On the other hand, NHIF database does not contain personalized information on laboratory test results e.g. HbA1c or cholesterol level as well as does not give information on patients’ characteristics e.g. weight and BMI.


Study design and overview

In our retrospective cohort study, cases of T2DM patients (n = 152,678) starting antidiabetic therapy between 1 January, 2010 and 31 December, 2013 were retrospectively extracted from the database of the National Health Insurance Fund as an anonymized, aggregated patient data, and were considered as T2DM patients if having antidiabetic treatment (ATC A10) but not matching previously detailed and published criteria for type 1, insulin dependent diabetes and not having polycystic ovarium syndrome (ICD 10 E282) [11].

Our main goal was to investigate the risk of cardiovascular morbidity and all-cause mortality since the diagnosis of diabetes. For this reason, we needed to identify the date of diagnosis of diabetes, this way only incident population met our criteria. Onset of diabetes was defined as the first occurrences of diabetes ICD code (E10–E14) in the database for a patient or the first antidiabetic treatment, whichever occurred first. Combined records of ICD E10–14 and ATC A10 treatment (with the exclusion of PCOS diagnosis) together with specified algorithm for excluding type 1 diabetes ensures the inclusion of all T2DM patients in Hungary who are involved into national diabetes care.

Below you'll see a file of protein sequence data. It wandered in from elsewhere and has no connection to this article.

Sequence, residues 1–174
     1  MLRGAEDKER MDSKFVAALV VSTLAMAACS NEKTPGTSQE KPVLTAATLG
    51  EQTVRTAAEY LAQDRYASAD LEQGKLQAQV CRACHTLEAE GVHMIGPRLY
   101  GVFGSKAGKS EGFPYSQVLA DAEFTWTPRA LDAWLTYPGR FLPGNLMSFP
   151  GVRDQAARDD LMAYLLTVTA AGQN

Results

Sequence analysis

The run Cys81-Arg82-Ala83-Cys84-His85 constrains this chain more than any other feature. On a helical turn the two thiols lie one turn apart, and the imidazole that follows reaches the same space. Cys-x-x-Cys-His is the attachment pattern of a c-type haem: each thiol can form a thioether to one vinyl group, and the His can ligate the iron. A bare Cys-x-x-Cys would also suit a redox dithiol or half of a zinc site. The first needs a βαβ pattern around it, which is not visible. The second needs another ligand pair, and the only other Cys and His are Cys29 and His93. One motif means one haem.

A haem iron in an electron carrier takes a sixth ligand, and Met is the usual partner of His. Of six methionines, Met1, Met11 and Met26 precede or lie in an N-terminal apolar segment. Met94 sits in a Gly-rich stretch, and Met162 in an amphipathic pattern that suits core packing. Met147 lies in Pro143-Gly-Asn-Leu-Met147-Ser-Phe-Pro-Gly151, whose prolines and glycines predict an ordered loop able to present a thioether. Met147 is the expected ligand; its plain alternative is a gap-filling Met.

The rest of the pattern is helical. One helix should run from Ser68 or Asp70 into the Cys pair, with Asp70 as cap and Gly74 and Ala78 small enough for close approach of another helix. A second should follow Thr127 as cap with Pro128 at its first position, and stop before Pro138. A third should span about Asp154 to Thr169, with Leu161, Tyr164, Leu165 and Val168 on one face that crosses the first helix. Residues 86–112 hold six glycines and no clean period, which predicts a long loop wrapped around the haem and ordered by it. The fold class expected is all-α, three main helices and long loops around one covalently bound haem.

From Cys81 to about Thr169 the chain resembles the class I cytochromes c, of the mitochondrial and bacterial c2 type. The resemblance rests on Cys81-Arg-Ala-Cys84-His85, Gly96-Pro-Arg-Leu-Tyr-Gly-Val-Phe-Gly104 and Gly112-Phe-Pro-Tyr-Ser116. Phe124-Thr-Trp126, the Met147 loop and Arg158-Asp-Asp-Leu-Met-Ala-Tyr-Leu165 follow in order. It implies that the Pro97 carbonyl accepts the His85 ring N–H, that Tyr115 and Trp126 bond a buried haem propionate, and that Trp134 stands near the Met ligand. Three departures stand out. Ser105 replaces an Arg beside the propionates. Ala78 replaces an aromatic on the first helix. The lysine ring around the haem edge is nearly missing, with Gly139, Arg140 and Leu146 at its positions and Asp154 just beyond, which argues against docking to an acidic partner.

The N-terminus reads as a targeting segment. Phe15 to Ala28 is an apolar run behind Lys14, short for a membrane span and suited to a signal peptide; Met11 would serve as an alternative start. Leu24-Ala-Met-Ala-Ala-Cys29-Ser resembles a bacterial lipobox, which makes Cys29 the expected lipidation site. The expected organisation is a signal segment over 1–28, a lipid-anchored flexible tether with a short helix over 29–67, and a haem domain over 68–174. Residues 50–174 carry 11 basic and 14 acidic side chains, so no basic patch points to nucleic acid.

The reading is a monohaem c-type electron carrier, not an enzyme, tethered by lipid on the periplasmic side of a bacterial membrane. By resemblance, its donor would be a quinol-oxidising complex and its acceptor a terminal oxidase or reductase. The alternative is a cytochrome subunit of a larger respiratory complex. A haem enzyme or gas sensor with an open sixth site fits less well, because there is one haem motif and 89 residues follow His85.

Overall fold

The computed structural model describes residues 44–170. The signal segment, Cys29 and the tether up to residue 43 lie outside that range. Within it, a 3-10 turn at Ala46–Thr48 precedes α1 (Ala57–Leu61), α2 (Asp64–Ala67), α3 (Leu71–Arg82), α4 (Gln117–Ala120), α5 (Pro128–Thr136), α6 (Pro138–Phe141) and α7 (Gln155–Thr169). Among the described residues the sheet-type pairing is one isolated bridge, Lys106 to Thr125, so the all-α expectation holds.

The control cohort (n = 305,356) was randomly selected from the total population recorded in NHIF database by matching the age at diabetes onset, gender and zip code of residence with the T2DM cohort resulting in two controls for each DM patient, matching 1:2. In the case of controls no diabetes related ICD codes or antidiabetic treatment were recorded.

The data source included information on mortality for any causes, cardiovascular complications of diabetes like incidence of myocardial infarction (ICD-10 I21–24) and ischemic and hemorrhagic stroke (ICD-10 I61–63, G4630, G4640, G4580, G4590) in in- and out-patient records. The International Classification of Diseases (ICD) codes of 9th and 10th Revisions, were used to define acute myocardial infarction, stroke diagnoses from 1 January, 2010 onward. Dates of death were also retrieved from the National Health Insurance Fund database, however this database does not include the cause of death, therefore we used only the cases of death from any type of causes (all-cause mortality) in our analysis.